Rally's Not Over for Mexican Peso, Says $523 Billion Japan Fund

(Bloomberg) -- While emerging markets as a whole are challenged by global central bank stimulus withdrawal and trade tensions, Mexico offers value and Brazil looks attractive over a longer-term horizon, in the eyes of one asset manager at a Japanese fund giant.

Mexico’s growth faces limited risks as long as the U.S. expansion rolls on, according to Satoru Matsumoto, a fixed-income fund manager at Asset Management One Co., which oversees the equivalent of $523 billion. He said he added a position in the Mexican peso as the country’s election result unfolded this month.

Matsumoto isn’t counting on any big rallies, however. “Emerging currencies will be under downward pressure for the rest of the year,” thanks to the twin dangers of developed-world monetary policy normalization and trade tensions, he says. “You have to look for emerging-market assets that will remain resilient, rather then seek those that would go up.”

Rally's Not Over for Mexican Peso, Says $523 Billion Japan Fund

Matsumoto shares a preference with some other Japanese investors for Mexico following Andres Manuel Lopez Obrador’s landslide victory in the presidential election this month. Mitsubishi UFJ Kokusai Asset Management Co. also favors the peso. The Mexican currency has advanced 5.1 percent this year versus the dollar, the best performance among major emerging currencies tracked by Bloomberg. Only Colombia’s peso has also notched a gain.

Below are some of Matsumoto’s views, paraphrased from an interview this week in Tokyo:

Which emerging economy do you like?

  • From a medium- to long-term perspective, Brazil has some good potential. Should the new administration continue its stance of fiscal restructuring and pension reforms after the vote in October, that would be positive for the Brazilian real. If attention is paid to the nation’s trade advantage, there’s room for the currency to rebound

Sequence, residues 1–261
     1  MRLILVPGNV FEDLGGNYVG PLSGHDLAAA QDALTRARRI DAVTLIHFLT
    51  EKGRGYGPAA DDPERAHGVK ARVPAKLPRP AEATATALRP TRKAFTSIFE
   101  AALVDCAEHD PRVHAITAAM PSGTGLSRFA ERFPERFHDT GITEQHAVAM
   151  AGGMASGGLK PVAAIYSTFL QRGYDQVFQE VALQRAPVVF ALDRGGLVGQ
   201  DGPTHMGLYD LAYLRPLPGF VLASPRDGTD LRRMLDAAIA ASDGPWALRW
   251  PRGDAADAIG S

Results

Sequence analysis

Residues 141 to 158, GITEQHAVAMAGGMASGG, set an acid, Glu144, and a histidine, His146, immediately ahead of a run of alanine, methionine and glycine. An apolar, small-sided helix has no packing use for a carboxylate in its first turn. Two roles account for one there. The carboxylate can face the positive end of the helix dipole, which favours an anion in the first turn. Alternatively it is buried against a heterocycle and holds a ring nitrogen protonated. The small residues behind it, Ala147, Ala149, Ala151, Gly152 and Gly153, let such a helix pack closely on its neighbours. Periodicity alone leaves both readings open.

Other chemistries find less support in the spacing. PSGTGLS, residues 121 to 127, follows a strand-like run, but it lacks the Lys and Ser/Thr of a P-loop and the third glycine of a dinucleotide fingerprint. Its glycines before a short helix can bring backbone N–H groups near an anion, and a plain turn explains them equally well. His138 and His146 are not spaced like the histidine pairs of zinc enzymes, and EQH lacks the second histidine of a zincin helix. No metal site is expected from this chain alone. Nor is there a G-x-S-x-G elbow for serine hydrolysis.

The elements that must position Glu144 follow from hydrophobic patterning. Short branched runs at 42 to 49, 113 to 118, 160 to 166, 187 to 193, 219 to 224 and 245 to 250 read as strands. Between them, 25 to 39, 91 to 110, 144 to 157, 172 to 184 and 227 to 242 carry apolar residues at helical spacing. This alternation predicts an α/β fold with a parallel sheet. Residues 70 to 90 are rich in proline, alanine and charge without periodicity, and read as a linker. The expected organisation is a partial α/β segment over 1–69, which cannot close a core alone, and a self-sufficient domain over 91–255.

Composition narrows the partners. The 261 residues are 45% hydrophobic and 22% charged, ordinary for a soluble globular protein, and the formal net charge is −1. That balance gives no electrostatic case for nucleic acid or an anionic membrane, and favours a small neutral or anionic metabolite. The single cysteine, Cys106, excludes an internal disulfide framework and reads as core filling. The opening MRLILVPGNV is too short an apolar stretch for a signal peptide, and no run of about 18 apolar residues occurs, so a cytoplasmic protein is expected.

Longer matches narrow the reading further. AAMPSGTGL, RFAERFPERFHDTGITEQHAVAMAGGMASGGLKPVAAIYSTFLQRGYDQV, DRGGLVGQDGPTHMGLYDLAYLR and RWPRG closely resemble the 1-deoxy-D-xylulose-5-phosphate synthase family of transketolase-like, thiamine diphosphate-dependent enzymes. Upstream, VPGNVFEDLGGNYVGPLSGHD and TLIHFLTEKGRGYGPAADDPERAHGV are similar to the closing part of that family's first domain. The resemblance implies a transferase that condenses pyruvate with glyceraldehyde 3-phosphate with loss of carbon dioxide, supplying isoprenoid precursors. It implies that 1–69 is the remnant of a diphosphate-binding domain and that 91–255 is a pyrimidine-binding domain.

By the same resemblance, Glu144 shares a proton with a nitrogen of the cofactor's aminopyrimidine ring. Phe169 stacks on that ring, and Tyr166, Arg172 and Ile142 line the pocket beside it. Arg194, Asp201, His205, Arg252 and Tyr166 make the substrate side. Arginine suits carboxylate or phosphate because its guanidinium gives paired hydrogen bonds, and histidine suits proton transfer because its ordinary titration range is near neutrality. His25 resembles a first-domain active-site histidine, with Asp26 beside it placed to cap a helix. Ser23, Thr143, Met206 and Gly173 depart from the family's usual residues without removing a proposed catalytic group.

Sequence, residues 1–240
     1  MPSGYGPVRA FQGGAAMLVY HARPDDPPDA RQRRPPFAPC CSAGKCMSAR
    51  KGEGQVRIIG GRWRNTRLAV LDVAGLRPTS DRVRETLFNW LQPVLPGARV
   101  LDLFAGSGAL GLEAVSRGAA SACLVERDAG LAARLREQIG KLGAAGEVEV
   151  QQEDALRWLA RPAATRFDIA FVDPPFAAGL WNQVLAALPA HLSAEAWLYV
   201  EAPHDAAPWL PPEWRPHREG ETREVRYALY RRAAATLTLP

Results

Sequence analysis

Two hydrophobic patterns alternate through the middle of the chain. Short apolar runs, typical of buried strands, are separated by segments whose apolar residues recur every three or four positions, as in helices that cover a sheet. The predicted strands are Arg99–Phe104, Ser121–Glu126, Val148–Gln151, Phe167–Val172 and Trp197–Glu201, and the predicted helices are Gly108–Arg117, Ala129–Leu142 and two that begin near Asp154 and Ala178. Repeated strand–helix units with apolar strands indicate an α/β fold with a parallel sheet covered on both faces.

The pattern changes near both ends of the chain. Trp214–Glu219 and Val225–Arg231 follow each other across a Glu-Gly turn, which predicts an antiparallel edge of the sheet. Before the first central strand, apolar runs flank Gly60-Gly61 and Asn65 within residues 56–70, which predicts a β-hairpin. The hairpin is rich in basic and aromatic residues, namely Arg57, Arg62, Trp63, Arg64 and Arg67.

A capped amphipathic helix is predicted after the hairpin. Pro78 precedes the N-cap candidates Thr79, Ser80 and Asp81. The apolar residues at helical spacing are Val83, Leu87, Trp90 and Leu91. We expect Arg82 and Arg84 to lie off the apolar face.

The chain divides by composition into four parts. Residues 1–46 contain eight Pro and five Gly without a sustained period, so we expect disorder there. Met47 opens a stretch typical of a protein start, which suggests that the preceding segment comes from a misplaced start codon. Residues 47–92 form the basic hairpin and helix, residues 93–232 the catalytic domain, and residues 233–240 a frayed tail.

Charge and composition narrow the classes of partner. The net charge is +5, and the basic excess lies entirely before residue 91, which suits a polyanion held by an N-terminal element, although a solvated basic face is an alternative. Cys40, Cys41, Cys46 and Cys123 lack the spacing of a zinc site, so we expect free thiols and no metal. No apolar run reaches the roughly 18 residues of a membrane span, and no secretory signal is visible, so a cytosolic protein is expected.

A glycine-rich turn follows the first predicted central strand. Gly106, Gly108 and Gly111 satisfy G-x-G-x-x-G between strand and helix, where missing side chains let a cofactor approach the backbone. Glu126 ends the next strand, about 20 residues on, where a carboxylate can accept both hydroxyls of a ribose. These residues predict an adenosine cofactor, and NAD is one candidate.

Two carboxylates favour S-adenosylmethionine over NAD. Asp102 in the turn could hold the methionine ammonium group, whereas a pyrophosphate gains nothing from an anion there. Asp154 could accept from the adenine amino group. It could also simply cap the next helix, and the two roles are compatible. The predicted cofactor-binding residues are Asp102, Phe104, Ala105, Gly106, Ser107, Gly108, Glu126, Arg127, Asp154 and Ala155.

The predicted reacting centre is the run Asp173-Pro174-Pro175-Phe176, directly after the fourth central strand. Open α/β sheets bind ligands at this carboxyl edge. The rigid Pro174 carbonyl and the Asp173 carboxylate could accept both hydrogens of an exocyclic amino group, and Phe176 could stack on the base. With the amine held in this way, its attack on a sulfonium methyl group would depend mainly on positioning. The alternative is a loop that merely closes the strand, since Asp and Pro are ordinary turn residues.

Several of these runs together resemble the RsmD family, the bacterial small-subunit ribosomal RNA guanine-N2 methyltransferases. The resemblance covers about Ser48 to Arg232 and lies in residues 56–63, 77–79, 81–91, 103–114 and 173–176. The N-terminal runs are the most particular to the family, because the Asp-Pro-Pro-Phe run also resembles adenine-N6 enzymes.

• But for the shorter-term, we don’t take a positive stance toward Brazil at this point, given the election uncertainties

What are your short-term picks?

  • The Mexican peso seems to be relatively steady in an environment in which emerging currencies will probably struggle to rise significantly
  • There’s some more space to establish long Mexican peso positions, especially as the election is already behind

Emerging market outlook for the rest of 2018?

  • There will probably be some short-term risk-on periods from time to time -- similar to what we saw at the beginning of July
  • There are some areas where valuations look attractive and risks are relatively smaller, so there’s opportunity to buy some of the currencies
  • Emerging markets tend to trade weaker in the second half due to some seasonality effect. November tends to be the worst month for them, with some funds closing their books

Where’s the most risk?

  • Turkey has a current-account deficit, double-digit inflation and quite strong fund outflow pressures. It’s hard to aggressively invest in Turkey unless those factors improve, as well as looking at its political risks

What looks good in Asia?

  • Indonesia looks better than India
  • Strong growth in India is positive for its stocks and is good for the country in the long term. But nearer term it would lead to an expanding current-account deficit that weighs on the rupee
  • Indonesia’s growth may be hurt by monetary tightening, though fiscal measures are probable in the run up to next year’s presidential election
  • Bank Indonesia has indicated a solid stance to support the rupiah, and while both Indonesia and India have quite high yields, Indonesia’s inflation is lower

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